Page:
Code means "computer program", and coding is the activity of computer programmers.
This site is about programming on a computer knocking on 30 years old*. Why start coding on a retro platform in this day and age?
For me, it's the thrill of seeing ideas or visions come to life. Getting close to the fiber of the canvas on which your code builds vistas and creatures out of atoms.
The enjoyment of spending time in a world of perfect logic, and the exhilaration of understanding it perfectly and feeling your thoughts becoming encoded at lightspeed, with nothing between the coder and the encoded. Knowing that what you wrote is what runs, and nothing else; the knowledge that if it works, you've spent months thinking perfectly and there's nothing except your perfection and brilliance that is running on the screen.
This concept can't really be achieved at all on modern computers, where software layers isolate you from the hardware and languages isolate you from the processor.
In both these extremes, there is still another enjoyable aspect of programming: the constant testing whether your ideas are good and logical. You have no-one to blame if it's imperfect, and it's very rewarding if it's flawless.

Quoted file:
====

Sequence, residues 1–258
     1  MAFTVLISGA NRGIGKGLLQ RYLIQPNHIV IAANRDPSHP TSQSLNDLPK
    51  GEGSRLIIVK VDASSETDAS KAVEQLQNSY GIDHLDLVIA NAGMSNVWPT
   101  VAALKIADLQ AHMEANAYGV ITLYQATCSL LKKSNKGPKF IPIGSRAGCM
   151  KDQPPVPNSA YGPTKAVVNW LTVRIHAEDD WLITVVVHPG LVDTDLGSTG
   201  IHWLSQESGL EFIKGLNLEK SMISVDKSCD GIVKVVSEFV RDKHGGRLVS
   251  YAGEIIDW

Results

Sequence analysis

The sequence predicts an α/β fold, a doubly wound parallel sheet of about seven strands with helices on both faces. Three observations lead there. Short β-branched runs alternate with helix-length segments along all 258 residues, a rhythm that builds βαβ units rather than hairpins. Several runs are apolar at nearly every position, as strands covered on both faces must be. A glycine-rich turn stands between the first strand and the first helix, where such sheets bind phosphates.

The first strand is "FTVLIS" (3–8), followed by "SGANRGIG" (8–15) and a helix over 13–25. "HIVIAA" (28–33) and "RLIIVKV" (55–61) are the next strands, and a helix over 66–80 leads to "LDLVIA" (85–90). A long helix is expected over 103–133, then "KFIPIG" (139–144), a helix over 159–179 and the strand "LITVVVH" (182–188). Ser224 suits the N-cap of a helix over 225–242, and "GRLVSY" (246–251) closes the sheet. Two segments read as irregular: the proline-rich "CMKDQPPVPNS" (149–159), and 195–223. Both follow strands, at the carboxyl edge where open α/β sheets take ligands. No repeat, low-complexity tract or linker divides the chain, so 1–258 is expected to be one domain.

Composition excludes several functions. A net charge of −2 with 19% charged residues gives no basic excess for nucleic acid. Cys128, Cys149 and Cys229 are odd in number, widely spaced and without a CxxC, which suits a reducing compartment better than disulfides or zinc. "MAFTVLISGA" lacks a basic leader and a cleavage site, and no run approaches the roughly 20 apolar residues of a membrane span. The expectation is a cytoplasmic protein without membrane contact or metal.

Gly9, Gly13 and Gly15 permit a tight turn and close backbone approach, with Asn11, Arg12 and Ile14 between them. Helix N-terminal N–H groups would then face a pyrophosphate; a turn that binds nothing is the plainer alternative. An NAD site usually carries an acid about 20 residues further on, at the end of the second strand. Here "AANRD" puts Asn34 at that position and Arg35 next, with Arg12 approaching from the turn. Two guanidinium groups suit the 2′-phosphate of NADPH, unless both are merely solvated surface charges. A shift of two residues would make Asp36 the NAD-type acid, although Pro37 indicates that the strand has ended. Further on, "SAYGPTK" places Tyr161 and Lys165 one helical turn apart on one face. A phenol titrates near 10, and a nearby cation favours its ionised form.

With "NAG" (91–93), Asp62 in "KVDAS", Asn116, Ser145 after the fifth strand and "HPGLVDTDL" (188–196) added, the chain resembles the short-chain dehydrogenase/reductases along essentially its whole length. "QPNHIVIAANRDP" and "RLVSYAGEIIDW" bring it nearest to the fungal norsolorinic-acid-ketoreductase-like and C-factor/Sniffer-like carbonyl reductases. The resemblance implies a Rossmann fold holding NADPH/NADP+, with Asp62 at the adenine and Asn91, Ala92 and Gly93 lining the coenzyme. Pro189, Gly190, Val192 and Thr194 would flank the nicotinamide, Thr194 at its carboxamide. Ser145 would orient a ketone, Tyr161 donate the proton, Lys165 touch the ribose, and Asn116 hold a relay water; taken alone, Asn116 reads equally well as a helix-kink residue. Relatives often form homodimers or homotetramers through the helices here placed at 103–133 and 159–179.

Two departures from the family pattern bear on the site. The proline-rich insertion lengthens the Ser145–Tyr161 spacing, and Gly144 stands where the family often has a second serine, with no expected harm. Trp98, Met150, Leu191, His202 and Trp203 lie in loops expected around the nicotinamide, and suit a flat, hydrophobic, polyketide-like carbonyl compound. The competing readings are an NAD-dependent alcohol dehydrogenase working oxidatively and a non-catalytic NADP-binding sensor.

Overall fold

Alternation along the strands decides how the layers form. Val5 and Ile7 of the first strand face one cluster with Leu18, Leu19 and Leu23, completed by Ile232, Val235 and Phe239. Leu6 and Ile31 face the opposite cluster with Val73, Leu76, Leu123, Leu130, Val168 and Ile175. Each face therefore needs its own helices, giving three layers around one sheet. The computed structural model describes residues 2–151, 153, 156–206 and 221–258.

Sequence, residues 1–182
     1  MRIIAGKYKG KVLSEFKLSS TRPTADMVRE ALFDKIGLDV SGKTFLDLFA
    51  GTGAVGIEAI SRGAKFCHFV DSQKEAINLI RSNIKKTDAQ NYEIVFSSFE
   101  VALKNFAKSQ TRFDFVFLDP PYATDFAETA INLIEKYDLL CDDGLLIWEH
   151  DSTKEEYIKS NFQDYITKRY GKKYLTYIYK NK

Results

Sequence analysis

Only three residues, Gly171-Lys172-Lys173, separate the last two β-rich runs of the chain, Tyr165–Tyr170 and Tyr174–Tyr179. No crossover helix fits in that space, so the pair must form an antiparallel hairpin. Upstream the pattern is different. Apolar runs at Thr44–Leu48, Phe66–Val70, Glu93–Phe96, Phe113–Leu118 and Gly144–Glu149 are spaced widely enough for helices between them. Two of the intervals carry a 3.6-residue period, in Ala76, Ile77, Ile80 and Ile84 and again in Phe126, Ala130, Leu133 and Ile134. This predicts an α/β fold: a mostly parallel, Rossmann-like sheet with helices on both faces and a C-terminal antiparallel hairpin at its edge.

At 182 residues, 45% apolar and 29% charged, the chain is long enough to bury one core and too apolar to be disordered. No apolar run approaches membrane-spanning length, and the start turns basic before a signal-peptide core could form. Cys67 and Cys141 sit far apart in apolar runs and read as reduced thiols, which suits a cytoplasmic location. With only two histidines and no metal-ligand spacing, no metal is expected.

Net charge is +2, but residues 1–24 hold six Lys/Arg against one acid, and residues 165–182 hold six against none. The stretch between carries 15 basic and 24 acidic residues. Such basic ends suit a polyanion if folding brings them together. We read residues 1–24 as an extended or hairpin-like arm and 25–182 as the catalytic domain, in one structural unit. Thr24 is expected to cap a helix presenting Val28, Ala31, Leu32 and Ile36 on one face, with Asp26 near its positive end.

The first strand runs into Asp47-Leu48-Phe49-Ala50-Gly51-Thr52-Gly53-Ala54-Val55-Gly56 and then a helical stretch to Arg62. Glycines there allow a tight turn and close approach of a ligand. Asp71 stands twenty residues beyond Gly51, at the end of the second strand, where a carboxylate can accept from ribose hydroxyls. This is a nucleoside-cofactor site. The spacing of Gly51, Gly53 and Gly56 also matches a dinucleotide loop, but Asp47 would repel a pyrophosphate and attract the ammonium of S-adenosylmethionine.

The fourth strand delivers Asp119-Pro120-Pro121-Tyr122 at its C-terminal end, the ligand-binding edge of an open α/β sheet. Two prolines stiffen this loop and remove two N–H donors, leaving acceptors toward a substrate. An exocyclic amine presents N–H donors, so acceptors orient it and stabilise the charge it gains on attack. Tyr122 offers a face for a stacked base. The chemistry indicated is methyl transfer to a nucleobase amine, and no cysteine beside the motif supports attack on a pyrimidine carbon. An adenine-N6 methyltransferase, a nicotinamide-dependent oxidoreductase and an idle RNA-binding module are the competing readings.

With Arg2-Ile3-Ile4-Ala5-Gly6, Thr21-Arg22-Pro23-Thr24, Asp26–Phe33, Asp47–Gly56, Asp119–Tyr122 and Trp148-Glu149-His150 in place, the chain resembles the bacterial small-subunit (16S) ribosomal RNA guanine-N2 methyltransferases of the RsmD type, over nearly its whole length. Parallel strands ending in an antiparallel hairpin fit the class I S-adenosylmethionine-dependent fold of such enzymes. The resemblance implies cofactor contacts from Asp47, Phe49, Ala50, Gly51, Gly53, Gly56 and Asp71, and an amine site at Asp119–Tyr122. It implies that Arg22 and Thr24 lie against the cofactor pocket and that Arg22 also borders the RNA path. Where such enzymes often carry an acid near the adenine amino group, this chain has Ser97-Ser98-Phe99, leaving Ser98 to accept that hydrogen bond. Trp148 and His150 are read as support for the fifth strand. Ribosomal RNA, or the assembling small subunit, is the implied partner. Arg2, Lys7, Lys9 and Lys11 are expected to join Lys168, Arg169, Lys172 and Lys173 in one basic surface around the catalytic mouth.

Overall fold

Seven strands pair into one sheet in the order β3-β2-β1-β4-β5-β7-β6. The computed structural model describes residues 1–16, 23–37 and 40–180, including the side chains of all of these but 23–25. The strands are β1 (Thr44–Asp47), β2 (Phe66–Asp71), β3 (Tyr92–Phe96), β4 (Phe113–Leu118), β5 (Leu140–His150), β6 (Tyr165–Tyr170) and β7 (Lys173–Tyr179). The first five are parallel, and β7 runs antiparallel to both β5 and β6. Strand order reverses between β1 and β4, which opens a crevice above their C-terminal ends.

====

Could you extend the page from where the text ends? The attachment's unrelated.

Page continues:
If you choose the bottom level realm, you will have to adapt to the language (as with the high level realm), but after that there is nothing between your ideas and their output. If you choose the high level realm, you must learn a language (which could be changing), and fill your head with custom constructs from all the layers between idea and result - APIs, drivers, differences in setups, libraries, DLLs, auxiliary programming languages, on top of implementations and versions of each of these.
I'd take the direct route from brain to brainchild any day! Which takes us to the topic of this site.
* The Amiga can of course use SSDs, flatscreen monitors, USB, Wi-Fi etc, so it can be used like a modern computer.